Cathedral of Salvador
History and museums
The Cathedral Basilica of Salvador (Catedral Basílica de Salvador), officially dedicated to the Transfiguration of Christ and named Primatial Cathedral Basilica of the Transfiguration of the Lord is the seat of the Archbishop of the city of Salvador, in the State of Bahia, in Brazil. The Archbishop of Salvador is also ex officio Primate of Brazil.
The Diocese of São Salvador da Bahia de Todos os Santos, the first in the Portuguese colony of Brazil, was created in 1551, only two years after the foundation of Salvador by nobleman Tomé de Sousa. The first bishop, Pero Fernandes Sardinha, arrived in 1552. A cathedral was built in the centre of Salvador around this time.
In 1676 the city became the seat of an archdiocese. After 1758, when the Jesuit Order was expelled from Brazil, the former Jesuit church of Salvador became the cathedral of the city. The building of the former cathedral was demolished in 1933. A scheme of its foundations can be seen on the pavement of the Praça da Sé (Se Square) in Salvador.
In its origins the present cathedral building was the church of the Jesuit Order of Salvador. The Jesuits arrived in the city still in the 16th century and built a first church and college. In the second half of the 17th century the Jesuits built a new church - the one that exists today - in the Mannerist style then fashionable in Portugal. The façade is very similar to contemporary Portuguese churches like the Jesuit Church of Coimbra.
The façade is made in light Lioz stone brought from Portugal and is flanked by two short bell towers. It has three portals with statues of Jesuit saints, Ignatius of Loyola, Francis Xavier and Francis Borgia. The gable on the upper storey of the façade is flanked by typical Mannerist volutes.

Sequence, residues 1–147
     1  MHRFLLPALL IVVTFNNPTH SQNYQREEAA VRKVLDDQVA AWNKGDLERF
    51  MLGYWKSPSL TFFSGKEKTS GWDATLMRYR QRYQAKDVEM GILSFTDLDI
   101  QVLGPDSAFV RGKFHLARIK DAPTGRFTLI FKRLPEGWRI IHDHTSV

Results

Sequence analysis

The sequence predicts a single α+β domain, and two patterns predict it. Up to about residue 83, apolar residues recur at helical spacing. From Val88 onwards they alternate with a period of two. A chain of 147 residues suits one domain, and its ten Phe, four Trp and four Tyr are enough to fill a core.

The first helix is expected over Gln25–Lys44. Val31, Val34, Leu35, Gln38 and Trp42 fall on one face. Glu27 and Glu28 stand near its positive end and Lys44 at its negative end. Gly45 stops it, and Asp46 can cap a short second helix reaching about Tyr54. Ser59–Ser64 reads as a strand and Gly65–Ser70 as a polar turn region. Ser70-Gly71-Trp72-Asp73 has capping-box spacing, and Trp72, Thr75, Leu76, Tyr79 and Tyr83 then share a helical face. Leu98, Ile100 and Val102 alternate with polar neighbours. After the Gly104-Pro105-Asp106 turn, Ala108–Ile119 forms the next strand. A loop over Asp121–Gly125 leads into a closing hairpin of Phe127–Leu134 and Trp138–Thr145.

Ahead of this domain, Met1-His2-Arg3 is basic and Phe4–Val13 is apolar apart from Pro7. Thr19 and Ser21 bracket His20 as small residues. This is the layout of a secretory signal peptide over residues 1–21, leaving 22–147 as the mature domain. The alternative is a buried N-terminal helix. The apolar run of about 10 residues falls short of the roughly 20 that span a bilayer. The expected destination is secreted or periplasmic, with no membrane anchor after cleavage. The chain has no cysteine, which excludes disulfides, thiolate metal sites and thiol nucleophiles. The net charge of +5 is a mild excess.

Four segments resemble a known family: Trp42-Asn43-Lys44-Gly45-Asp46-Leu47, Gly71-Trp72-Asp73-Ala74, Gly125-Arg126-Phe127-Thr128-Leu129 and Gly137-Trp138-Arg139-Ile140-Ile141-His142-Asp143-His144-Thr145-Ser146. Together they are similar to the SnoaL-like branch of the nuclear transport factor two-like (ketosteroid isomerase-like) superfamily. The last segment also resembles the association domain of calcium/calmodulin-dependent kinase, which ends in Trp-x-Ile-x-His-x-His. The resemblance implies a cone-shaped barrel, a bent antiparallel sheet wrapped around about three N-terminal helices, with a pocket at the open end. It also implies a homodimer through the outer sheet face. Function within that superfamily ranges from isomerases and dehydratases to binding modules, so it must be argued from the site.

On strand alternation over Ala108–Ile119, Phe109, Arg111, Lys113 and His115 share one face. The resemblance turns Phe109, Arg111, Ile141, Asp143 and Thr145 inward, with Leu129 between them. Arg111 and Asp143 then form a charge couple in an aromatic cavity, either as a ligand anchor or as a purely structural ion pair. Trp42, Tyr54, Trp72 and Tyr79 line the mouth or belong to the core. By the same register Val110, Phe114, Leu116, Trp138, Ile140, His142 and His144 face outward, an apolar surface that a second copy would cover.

Inside, the cathedral is a one-aisled church of rectangular shape, without transept and with a very shallow main chapel. The side walls of the church have a series of lateral chapels decorated with altarpieces. This floorplan scheme is based on the Church of São Roque in Lisbon, the Jesuit church of the Portuguese capital, built a century earlier.
The chapels of the cathedral offer an interesting showcase of altarpiece art from the late 16th through the mid-18th centuries, all decorated with sculptures and paintings. Very rare are two 16th century Renaissance altarpieces that belonged to the previous Jesuit church and were reused in the new building. The altarpiece of the main chapel is a fine example of 17th century Mannerist art. Other chapels have Baroque altarpieces from the mid-18th century. The barrel vault covering the nave of the church is decorated with wooden panels dating from the 18th century and displays the Jesuit emblem "IHS".
The sacristy of the church is richly decorated with Baroque furniture, 17th-century Portuguese tiles (azulejos) and ceiling wooden panels painted with Mannerist motifs and portraits of important Jesuits.
The façade and floorplan of the Jesuit church of Salvador influenced several other colonial churches in Northeast Brazil, including the São Francisco Church of Salvador.